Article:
Blog Tour Review: Just My Luck

Title: Just My Luck
Author: Adele Parks
Genre: Thriller, Contemporary
Publisher: MIRA
Source: Publisher via NetGalley
Format: Ebook
Release Date: April 6, 2021
Rating: ★★★★

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Goodreads Synopsis:

It was supposed to be the lottery win they’d always dreamed of…

For fifteen years, Lexi and Jake have played the same six numbers with their friends. Over drinks, dinner parties and summer barbecues, the three couples have discussed the important stuff—kids, marriages, careers—and they’ve laughed off their disappointment when they failed to win anything.

But then the unthinkable happens. There’s a rift in the group. Someone is caught in a lie. And soon after, six numbers come up that change everything forever.

Lexi and Jake have a ticket worth millions. And their friends are determined to claim a share.

#1 Sunday Times bestselling author Adele Parks returns with a riveting look at the dark side of wealth in this gripping tale of friendship, money, betrayal and good luck gone bad…

Review:

For fifteen years, a group of six friends have bought a lottery ticket every week using the same numbers. Lexi and Jake always buy them for the group. One night, they have a fight, breaking the group apart. However, the following week, their numbers come up, and Lexi and Jake have the winning ticket. Despite their fight, their four friends want a share of the winnings. This is only the start of a series of devastating events, which they can’t recover from.

Everyone dreams of winning the lottery, but it doesn’t have the dreamy outcome everyone imagines. Once you come into a lot of money, everyone you’ve ever met expects some of it. This happened in this story when Lexi and Jake won the lottery. It was complicated since they had been in a group, buying tickets together for many years. The question is did they really had a fight and dissolve the group or are Lexi and Jake just saying that to keep the money. This prize of 18 million pounds led their lives to spiral out of control, with affairs, a kidnapping, and many betrayals.

This story had some shocking and disturbing scenes. There was some abuse of a teen and a miscarriage. These scenes were intense and made the story suspenseful, but there were many flashback scenes which slowed down the pacing. There was a lot of unnecessary information that gave a full story of all the characters, but wasn’t necessary to understand the whole plot. It would have had much faster pacing if some of the flashback scenes were shortened or cut.

This was an intense thriller that will make you think twice about buying a lottery ticket.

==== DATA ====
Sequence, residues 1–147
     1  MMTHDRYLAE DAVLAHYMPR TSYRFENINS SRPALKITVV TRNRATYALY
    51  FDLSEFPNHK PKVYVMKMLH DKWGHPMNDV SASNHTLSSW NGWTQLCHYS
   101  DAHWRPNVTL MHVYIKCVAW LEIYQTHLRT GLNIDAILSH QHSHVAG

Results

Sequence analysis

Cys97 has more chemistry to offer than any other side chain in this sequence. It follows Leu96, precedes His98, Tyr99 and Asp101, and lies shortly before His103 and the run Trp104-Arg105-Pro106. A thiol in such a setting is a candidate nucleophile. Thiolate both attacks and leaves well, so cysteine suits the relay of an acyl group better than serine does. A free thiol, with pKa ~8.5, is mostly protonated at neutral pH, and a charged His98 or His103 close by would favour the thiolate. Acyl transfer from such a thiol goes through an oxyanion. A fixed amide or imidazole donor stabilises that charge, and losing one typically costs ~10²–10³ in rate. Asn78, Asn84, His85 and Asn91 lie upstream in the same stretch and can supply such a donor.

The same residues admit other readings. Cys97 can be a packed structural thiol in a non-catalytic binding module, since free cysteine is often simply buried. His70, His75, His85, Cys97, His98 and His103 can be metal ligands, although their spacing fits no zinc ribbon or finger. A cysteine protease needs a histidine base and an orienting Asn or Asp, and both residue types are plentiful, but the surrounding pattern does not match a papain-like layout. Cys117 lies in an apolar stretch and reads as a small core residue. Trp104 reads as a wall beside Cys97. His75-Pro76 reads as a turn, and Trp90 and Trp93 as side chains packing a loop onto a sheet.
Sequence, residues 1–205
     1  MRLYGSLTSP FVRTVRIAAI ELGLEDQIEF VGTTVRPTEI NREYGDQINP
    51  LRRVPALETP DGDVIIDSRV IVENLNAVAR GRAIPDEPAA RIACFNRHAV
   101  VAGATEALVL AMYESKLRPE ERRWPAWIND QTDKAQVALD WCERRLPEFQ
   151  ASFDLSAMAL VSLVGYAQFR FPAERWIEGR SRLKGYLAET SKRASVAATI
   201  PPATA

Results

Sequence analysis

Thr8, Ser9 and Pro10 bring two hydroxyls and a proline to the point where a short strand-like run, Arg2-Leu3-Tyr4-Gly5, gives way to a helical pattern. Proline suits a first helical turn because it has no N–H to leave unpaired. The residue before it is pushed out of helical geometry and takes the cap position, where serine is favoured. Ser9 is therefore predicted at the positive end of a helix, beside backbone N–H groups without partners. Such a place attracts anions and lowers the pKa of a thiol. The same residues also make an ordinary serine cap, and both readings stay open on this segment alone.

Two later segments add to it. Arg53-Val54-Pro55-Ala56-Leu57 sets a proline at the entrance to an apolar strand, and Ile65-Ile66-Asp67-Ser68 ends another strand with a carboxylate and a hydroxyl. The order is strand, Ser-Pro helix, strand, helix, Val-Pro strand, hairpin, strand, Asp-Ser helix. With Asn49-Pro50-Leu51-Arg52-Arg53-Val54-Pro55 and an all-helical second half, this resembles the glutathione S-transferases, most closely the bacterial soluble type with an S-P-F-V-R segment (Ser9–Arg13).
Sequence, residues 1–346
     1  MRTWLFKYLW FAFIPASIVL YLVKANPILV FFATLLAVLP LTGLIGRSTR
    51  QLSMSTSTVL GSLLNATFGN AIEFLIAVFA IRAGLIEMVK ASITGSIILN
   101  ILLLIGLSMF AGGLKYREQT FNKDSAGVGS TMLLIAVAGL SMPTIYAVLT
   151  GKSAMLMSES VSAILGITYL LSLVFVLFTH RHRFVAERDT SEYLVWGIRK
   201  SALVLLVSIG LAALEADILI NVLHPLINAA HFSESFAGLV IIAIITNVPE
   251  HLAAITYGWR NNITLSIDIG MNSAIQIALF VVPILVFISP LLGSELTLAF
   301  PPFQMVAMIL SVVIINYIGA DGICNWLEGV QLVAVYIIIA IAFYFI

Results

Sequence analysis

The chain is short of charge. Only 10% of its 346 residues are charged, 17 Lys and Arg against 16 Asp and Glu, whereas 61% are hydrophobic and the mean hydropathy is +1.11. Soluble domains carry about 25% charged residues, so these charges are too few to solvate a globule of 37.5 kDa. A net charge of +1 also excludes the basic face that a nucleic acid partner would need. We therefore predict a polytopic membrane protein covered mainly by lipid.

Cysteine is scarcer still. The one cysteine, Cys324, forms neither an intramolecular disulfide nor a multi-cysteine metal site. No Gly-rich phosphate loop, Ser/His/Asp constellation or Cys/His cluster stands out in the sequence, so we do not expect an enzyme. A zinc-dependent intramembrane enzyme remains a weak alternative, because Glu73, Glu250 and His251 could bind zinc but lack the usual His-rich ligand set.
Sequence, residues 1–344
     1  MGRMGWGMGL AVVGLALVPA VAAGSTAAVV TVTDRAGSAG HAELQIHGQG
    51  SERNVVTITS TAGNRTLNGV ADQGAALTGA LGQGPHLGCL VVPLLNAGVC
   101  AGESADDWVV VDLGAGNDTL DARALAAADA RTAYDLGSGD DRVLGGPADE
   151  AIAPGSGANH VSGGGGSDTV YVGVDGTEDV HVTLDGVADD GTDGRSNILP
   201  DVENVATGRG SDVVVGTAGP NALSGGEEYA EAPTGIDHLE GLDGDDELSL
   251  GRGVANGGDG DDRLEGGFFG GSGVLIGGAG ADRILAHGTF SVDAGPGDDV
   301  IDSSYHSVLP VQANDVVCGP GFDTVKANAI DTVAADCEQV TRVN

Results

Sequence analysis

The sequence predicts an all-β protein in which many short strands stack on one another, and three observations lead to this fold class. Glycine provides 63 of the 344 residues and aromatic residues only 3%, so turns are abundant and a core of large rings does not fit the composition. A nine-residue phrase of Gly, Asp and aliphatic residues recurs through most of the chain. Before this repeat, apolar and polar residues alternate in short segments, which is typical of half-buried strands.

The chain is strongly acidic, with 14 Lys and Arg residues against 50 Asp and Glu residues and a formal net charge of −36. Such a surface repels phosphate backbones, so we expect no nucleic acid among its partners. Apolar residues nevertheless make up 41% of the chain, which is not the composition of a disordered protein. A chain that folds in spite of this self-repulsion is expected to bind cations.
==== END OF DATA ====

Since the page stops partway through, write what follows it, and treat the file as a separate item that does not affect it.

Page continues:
Thank you HarperCollins for providing a copy of this book in exchange for an honest review.

What to read next:

Big Little Lies by Liane Moriarty

Lies Lies Lies by Adele Parks

Other books in the series:

Adele Parks is the #1 Sunday Times bestselling author of twenty novels, including Lies Lies Lies and Just My Luck, as well as I Invited Her InJust My Luck is currently in development to be made into a movie. Her novels have sold 4 million copies in the UK alone, and her work has also been translated into thirty-one languages.

Have you read Just My Luck? What did you think of it?

Review: Lucky

Title: Lucky
Author: Marissa Stapley
Genre: Thriller, Contemporary
Publisher: Simon and Schuster Canada
Source: Publisher via NetGalley
Format: Ebook
Release Date: April 6, 2021
Rating: ★★★★★

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Goodreads Synopsis:

For fans of The Flight Attendant​, a compelling and thrilling road-trip novel about a talented grifter named Lucky whose past comes back to haunt her.

What if you had the winning ticket that would change your life forever, but you couldn’t cash it in?

Lucky Armstrong is a tough, talented grifter who has just pulled off a million-dollar heist with her boyfriend, Cary. She’s ready to start a brand-new life, with a new identity—when things go sideways. Lucky finds herself alone for the first time, navigating the world without the help of either her father or her boyfriend, the two figures from whom she’s learned the art of the scam.

When she discovers that a lottery ticket she bought on a whim is worth millions, her elation is tempered by one big problem: cashing in the winning ticket means the police will arrest her for her crimes. She’ll go to prison, with no chance to redeem her fortune.

As Lucky tries to avoid arrest and make a future for herself, she must confront her past by reconciling with her father; finding her mother, who abandoned her when she just a baby; and coming to terms with the man she thought she loved—whose complicated past is catching up to her, too.